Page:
BALTIMORE – This morning, bitcoin took a dive.
From an all-time high of $17,899… it tumbled to $14,336 – a 20% fall.
What a wild ride!
Our theme this week includes a warning… a not-so-subtle memento mori for the financial world: Put on your seat belt!
But today, we dig deeper to answer a question almost no one asks: Why are most modern economists such nincompoops? The quick answer: because it pays.
We blame Claude Henri de Rouvroy, comte de Saint-Simon… along with many others.
In 1760, Saint-Simon was born into an aristocratic family in France. He had a talent for broad, moronic ideas.
But he was remarkably untalented at suicide. Disappointed by the lack of success of his writing, he shot himself in the head six times… and lived!
Yet, with French philosopher Auguste Comte, Saint-Simon developed an idea that, like a malevolent weed, flourished: positivism.
That was the late 18th century. By then, it was obvious that “positive knowledge” about the natural world could help us live better. The Industrial Age was just beginning. Progress was undeniable.
So why not apply the “positive knowledge” idea to personal relationships, business, government, and culture? Wouldn’t that make things better, too?
But the relationships between people are not as simple as the relationship between a nail and a hammer. You can beat on people, too. But it’s hard to drive them straight where you want them to go.
And in the 250 years that have elapsed since – in which the propositions put forward by positivists were exhaustively rehearsed by governments, activists, and world improvers – no persuasive evidence of any real improvement has emerged.
Society evolves as people develop new ideas, products, inventions, and ways of working – mostly voluntarily – with one another. One buys his bread from the corner shop because he likes the salesgirl’s pretty red hair. Another orders his cement from across town because they give him more time to pay. A third fancies a new watch powered by his own body heat.
Then, along come the feds. Imposing their own rules and policies, preventing the free give and take of a free economy, setting prices, requiring licenses, blocking competition… all in the name of making the world a better place, of course.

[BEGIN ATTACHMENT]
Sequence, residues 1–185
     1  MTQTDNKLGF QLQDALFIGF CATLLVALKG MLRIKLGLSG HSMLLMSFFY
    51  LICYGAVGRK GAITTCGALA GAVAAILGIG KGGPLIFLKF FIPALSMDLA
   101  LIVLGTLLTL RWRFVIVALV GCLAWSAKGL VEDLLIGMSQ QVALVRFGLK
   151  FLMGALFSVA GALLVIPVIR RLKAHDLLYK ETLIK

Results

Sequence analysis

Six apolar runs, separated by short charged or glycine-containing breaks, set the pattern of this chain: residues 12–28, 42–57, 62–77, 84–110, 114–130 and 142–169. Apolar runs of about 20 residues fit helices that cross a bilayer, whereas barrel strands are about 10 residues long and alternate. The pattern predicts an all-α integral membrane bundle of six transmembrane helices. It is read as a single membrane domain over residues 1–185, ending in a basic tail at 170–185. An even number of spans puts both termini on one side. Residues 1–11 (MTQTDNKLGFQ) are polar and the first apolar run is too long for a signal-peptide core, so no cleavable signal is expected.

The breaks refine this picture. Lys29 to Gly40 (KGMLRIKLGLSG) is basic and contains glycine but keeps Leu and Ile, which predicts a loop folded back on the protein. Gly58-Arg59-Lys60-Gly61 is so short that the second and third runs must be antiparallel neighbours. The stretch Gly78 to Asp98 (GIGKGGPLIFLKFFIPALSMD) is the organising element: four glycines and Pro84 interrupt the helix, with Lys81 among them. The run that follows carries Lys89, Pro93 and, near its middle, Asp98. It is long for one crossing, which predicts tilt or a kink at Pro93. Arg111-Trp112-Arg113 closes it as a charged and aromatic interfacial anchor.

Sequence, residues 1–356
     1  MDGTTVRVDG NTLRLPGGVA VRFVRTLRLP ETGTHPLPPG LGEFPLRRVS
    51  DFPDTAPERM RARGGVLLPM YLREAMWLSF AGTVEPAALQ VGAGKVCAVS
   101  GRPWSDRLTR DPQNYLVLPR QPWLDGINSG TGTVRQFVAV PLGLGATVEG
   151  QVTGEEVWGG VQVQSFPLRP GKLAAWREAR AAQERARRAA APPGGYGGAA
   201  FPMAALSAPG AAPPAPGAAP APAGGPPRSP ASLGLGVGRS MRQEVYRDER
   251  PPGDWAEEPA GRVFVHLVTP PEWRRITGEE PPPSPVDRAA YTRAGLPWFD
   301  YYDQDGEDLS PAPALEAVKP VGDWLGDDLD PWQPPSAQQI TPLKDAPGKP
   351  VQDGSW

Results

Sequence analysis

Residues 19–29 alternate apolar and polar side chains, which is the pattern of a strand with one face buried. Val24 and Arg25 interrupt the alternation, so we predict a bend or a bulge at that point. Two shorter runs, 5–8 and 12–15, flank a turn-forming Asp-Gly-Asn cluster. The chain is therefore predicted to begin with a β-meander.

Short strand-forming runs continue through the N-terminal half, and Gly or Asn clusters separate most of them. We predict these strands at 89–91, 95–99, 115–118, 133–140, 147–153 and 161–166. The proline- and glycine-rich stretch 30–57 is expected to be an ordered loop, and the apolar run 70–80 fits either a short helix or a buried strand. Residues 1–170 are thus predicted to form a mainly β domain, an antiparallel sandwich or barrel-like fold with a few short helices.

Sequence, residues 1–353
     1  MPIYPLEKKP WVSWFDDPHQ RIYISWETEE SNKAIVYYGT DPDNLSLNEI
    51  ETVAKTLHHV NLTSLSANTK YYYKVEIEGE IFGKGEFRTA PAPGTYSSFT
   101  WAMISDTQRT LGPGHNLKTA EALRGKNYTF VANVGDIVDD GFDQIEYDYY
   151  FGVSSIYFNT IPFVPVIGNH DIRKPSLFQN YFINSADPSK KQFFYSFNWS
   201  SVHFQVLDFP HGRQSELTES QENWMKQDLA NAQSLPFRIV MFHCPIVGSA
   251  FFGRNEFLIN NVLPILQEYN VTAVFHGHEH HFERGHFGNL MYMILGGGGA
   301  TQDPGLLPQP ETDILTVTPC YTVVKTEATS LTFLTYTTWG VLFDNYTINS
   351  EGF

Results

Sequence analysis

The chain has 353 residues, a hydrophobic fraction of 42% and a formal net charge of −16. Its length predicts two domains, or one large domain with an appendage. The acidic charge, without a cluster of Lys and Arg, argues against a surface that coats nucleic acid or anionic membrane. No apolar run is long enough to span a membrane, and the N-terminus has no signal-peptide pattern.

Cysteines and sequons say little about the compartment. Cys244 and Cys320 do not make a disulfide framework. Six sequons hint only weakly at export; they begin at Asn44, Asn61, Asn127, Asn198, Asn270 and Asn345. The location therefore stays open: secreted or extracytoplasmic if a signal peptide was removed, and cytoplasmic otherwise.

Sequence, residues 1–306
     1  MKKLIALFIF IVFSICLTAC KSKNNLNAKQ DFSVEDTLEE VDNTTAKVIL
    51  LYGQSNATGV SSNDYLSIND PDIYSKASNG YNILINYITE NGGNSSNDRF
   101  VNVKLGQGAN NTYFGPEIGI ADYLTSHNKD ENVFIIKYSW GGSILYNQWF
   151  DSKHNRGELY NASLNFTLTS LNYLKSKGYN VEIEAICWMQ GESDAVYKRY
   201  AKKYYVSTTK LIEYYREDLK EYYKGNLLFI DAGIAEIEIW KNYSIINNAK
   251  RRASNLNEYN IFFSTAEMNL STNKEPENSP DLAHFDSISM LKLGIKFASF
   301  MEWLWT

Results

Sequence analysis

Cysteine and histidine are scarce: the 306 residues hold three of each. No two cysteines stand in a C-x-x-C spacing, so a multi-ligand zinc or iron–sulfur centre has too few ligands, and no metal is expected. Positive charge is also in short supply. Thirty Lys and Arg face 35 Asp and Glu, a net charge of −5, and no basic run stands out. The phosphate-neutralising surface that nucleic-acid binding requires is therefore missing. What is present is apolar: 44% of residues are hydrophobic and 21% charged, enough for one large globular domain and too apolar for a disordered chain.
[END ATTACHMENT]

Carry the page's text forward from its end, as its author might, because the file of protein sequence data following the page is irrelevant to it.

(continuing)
In their most ambitious forms, they launch sweeping programs to reorder social and economic relationships according to the fads and fashions of the time. We will all now wear Mao jackets… the intellectuals will plant cabbages… a pound of beef and a pound of steel shall bear the same price… we will speak Esperanto, tie our shoelaces together, and hop to work… and wear our underwear on the outside so the authorities can verify that it is clean!
As far as we know, every effort to consciously remake society has been a disastrous failure.
At best, they have had outcomes that can’t be measured… or proven one way or another.
In the 1930s, the positivist doctrine was given a boost. Thinkers assembled in Vienna, Austria, made an impression on an English visitor named A.J. Ayer. The 24-year-old hurried back to London, wrote about it, and became the enfant terrible of English philosophy – promoting “logical positivism” however he could.
This school of thought – which attempted to reduce all human behavior to logical and scientific foundations – became so popular, it filled the universities, sloshing over department walls like an overflowing septic tank, and poisoning many other disciplines – notably economics.
Today, practically all economists believe they can assemble “data,” manipulate rates and rules, stimulate an economy, or calm it down… and thereby make things better.